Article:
Today, the majority of human population is living in urban areas. Urbanization and suburbanization is a common phenomenon of the contemporary world which is often linked to various types of pollution, natural degradation, CO2 emissions and spatial inequalities. The continuous growth of urban population results in increased human activity which consists of new constructions, transportation systems and vehicular movement all of which lead to various types of pollution (Steffen et al., 2015).
The way in which urban space is produced and developed affects the lives of urban dwellers who are in constant contact with various types of pollution and chemicals. This article is part of a research that examines how the experiences of people who live and work in polluted environments can be a source of information, and if their perception of pollution in their living environment can be a new way to study the relationship between urban space, pollution and toxicities.
Perceiving pollution via sensorial mapping
Alternative cartographic approaches are an effective way to understand pollution through the perception of urban dwellers. This, because they question the norms and biases in conventional cartographic representations, and often they highlight non-visible spatial inequalities (Harris and Hazen, 2005). Thanks to sensorial mapping, it is possible to imagine new ways to see the city and recognize the complex socio-spatial relationships shaping urban space (Dalton and Stallmann, 2018), especially in the context of polluted urban environments.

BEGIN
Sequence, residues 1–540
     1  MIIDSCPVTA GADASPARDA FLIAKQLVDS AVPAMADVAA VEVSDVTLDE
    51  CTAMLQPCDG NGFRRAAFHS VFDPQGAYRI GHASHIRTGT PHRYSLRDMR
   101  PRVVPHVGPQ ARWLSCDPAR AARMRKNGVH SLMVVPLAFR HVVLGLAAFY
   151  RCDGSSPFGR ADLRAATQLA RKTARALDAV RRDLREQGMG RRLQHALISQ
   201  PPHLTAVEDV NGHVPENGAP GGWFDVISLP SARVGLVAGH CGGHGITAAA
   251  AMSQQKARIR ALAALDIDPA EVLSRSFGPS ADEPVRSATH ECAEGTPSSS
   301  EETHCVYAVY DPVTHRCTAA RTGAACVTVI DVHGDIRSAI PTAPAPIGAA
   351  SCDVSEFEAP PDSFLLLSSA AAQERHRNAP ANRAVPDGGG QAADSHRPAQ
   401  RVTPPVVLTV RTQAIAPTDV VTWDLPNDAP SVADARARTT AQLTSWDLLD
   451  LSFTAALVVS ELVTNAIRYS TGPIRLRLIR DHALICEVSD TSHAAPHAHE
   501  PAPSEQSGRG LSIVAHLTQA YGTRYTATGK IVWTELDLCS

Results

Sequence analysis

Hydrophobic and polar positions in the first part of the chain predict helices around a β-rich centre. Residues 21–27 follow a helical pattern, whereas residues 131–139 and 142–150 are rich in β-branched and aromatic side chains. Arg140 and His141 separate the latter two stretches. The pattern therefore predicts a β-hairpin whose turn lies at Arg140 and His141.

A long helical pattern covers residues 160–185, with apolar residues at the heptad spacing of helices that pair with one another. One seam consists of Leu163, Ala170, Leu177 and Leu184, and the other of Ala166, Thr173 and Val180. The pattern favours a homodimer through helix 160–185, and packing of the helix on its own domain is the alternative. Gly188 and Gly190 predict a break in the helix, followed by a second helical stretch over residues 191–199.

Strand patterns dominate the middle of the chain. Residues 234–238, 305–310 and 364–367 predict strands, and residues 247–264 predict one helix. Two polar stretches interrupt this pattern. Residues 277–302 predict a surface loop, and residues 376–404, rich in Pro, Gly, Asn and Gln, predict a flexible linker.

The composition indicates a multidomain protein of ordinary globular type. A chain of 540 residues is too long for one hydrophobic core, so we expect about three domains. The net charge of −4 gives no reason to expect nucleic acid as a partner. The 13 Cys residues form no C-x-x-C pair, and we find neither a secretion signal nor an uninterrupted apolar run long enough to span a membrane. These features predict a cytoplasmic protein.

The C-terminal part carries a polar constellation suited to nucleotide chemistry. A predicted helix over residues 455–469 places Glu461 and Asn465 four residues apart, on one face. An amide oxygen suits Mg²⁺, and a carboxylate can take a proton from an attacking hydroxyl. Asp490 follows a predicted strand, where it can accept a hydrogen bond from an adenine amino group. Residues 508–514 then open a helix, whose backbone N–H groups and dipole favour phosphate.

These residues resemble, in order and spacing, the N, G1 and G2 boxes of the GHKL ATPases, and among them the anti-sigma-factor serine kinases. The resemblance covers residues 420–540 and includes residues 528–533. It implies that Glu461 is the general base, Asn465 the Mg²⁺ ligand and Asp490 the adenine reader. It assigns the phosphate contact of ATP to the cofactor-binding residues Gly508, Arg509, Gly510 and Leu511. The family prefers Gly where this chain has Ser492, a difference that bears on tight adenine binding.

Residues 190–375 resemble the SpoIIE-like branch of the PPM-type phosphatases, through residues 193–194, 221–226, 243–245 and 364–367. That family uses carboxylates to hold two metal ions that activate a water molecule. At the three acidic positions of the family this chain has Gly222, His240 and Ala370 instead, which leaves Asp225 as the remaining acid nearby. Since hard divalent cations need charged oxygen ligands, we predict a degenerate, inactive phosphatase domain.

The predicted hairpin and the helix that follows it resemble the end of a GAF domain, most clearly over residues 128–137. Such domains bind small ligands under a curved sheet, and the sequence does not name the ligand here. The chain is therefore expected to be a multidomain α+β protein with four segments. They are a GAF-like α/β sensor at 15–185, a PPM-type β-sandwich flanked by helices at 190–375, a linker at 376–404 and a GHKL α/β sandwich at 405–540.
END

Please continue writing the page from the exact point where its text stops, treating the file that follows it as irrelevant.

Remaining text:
In Grenoble’s case study, sensorial mapping has been used to emphasize the spatial dimension of pollution and the way it affects peoples’ movement in the city and their use of public spaces. This approach provided the opportunity to trace the relationship between safety and pollution in the urban space and to draw possible solutions to reduce pollution. Sensorial mapping enabled participants to express their feelings in a creative way, provided important visual representations of pollution in Grenoble and showed the importance of analysing individual experiences of a problem which has a collective dimension.